In this file photo, steel beams sit outside Arena de Sao Paulo in Sao Paulo, Brazil. (FERDINAND OSTROP / AP)
WASHINGTON — President Donald Trump released a clutch of protectionist trade actions on Monday aimed at long-time US allies, including some countries that have been close to the Trump administration.
The president started by announcing tariffs here on steel from Brazil and Argentina in a tweet, citing US farmers who he said were being hurt by a "massive devaluation" of those countries' currencies. Brazil and Argentina are both big exporters of agricultural products.
Chinese companies have slashed their purchases of US farm goods since the United States started its trade tension with China 17 months ago. Both Brazil and Argentina have been trying to strengthen their currencies, despite Trump’s claim.
An Argentinian minister called the tariffs “unexpected.” Brazil’s main steel lobby said it was “perplexed.”
Then the United States Trade Representative said it would review here hiking tariffs on European Union products and adding new ones, because of what it called "lack of progress" in resolving a dispute over aircraft subsidies.
The USTR said a decision by the World Trade Organization on Monday affirmed the US position that European subsidies to planemaker Airbus continue to harm the US aerospace industry. It did not provide specifics on what tariffs it might hike over the long-running dispute.
Finally, after the US markets closed, the USTR said it planned to increase taxes here on US$2.4 billion in French products including Champagne and handbags by 100 percent, after determining that France's new digital services tax would harm US companies like Alphabet Inc's Google and Apple Inc.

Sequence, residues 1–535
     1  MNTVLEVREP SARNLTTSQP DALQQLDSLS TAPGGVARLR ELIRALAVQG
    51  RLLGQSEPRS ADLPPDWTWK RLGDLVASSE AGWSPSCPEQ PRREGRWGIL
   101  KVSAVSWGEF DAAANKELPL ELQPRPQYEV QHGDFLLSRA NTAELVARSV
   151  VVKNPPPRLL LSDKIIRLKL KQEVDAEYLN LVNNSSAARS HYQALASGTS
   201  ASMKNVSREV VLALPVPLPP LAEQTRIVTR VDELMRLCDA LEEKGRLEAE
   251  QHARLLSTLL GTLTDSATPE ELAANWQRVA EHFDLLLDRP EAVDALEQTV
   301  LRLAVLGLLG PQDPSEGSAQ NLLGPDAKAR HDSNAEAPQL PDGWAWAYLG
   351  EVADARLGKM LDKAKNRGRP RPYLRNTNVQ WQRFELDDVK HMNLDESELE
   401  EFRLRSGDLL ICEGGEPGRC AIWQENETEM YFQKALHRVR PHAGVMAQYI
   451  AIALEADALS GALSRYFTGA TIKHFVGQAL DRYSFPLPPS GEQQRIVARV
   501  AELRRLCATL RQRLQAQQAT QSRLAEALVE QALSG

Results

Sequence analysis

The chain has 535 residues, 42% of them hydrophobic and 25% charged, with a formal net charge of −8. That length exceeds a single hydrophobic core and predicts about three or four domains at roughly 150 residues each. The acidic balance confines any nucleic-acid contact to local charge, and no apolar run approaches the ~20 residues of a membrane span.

The USTR said its “Section 301” investigation found that the French tax was “inconsistent with prevailing principles of international tax policy, and is unusually burdensome for affected US companies”.
In this file photo, Bernard Roques, a refiner of Societe company, smells a Roquefort cheese as they mature in a cellar in Roquefort, southwestern France. (BOB EDME / AP)
US Trade Representative Robert Lighthizer said the US government was also exploring whether to open similar investigations into the digital services taxes of Austria, Italy and Turkey.
“The USTR is focused on countering the growing protectionism of EU member states, which unfairly targets US companies, whether through digital services taxes or other efforts that target leading US digital services companies.”
The French digital services tax is unreasonable, protectionist and discriminatory
Senators Charles Grassley and Ron Wyden
The trade agency said it would collect public comments on its proposed tariff list through Jan 14 and hold a public hearing on Jan 7. It did not specify an effective date for the proposed 100 percent duties.
The list targets some products that were spared from 25 percent tariffs imposed by the United States over disputed aircraft subsidies, including sparkling wines, handbags and make-up preparations - products that would hit French luxury goods giant LVMH and cosmetics maker L’Oreal hard.
The findings won favor from US lawmakers and US tech industry groups.
“The French digital services tax is unreasonable, protectionist and discriminatory,” Senators Charles Grassley and Ron Wyden, the top Republican and Democrat, respectively, on the Senate Finance Committee, said in a joint statement.
France will be "pugnacious" over the latest US tariff threats on French products and will not go back on its digital tax plan, junior economy minister Agnes Pannier-Runacher said on Tuesday.
"It is very clear that we do not need to go back on this, with regards to a topic that economically speaking makes sense," Pannier-Runacher told Sud Radio, referring to the digital tax. "We need to be pugnacious on the subject," she added.
But prior to the release of the USTR's report, a French official said that France would dispute the trade agency's findings, repeating Paris' contention that the digital tax is not aimed specifically at US technology companies.
"We will not give up on taxation" of digital firms, the official said.
France’s 3 percent levy applies to revenue from digital services earned by firms with more than 25 million euros (US$27.86 million) in French revenue and 750 million euros ((US$830 million) worldwide.
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